Cane toads, golf ball potato crisps and the joys of listening to Clive James
edits BBC Radio current affairs programmes, including Crossing Continents and From Our Own Correspondent
Clive James - presenter of A Point of View
As an editor, there are some experiences that are less than happy. Like the moment when one of the BBC's in-house lawyer frowns and says that your rock-solid investigative story won't withstand assault under the libel laws. Or when you have a cracking story all set-up in Dodgistan. Only the government of Dodgistan won't give you a visa.
But there is one experience guaranteed to bring a smile. An experience I always savour. The moment when I double click on the first draft of a script from one of our contributors to A Point of View. And never more so than when the contributor is Clive James.
Clive might sometimes have given us advance warning of the general direction of what he was going to write about. Sometimes he didn't. Either way, that first reading of his scripts was like opening up a jewel box, a children's magic set, a chest of wonders.
And that began with the very first words. Consider this opening paragraph, among my favourite ever beginnings of a radio script:
"I have been registered for VAT since 1973. Great stories are often introduced by a sentence similarly factual, bald, terse. Gaul is divided into three parts. In the beginning, God created the heavens and the earth. I have been registered for VAT since 1973." (Listen to the programme.)
Or - a close rival: "What do I know? Montaigne asked himself, and in answering that question during the course of several volumes of great essays he touched on many subjects. But he never touched on the subject of the golf-ball potato crisp." (Listen to the programme.)
Then there are the sudden saltiest of salty phrase, and the kind of wit that makes you end up with your cup of tea going up your nose - if you are unwise enough to consume Clive James while drinking a cup of tea.
In his - now celebrated - disquisition of the spread of the cane toad across Australia he observes: "The cane toads are getting bigger and smarter. Soon they'll be learning to drive. There is a school of thought, not necessarily paranoid, which holds the opinion that cane toads with human skills have already penetrated the Australian media and are even appearing as presenters of reality television shows." (Listen to the programme.)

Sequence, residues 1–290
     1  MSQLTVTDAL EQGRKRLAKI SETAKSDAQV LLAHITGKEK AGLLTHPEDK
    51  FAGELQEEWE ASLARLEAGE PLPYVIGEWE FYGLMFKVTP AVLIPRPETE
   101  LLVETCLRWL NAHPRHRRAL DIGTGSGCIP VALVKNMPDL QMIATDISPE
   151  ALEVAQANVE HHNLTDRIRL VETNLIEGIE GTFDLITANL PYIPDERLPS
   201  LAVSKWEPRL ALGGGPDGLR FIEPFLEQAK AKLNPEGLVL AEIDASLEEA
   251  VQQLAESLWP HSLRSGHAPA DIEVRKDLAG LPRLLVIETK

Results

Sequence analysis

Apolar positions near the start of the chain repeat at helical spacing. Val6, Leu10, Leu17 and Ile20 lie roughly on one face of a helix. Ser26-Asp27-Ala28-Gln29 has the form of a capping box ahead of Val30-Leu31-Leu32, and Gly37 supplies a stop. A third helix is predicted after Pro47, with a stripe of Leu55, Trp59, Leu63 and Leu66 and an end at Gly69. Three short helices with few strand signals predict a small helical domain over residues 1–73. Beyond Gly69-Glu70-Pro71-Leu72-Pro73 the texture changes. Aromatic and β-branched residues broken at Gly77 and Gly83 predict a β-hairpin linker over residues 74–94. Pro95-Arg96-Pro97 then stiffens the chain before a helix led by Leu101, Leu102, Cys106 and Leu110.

And when considering sports: "The off-side rule, for example, was written by a Druid that the other Druids couldn't understand. After the first grand final at Stonehenge stadium, the referee was evenly distributed around the pitch." (Listen to the programme.)
Then there were the twists and turns of the argument. Always unpredictable, always surprising, yet always in the end coherent.
In his sign-off despatch, he started by observing the madness of small children, then went on to consider the the nature of liberal democracy and the pains and joys of ageing by way of a rag doll with pockets full of chocolates.
Along the way, there were excursions to consider GK Chesterton and the discovery of penicillin before finishing with - guess what - a tribute to the courage of Aung San Suu Kyi. It sounds a bit like the work of someone with the literary equivalent of ADHD, but it makes perfect sense.
In fact, that's what this post is about. Because for the first time ALL of Clive James's back catalogue from A Point of View is now available to download.
And there's one big benefit to that: the joy of listening to Clive's unique delivery, as he relishes every phrase. Listen and enjoy.
Just watch out for the cane toads.
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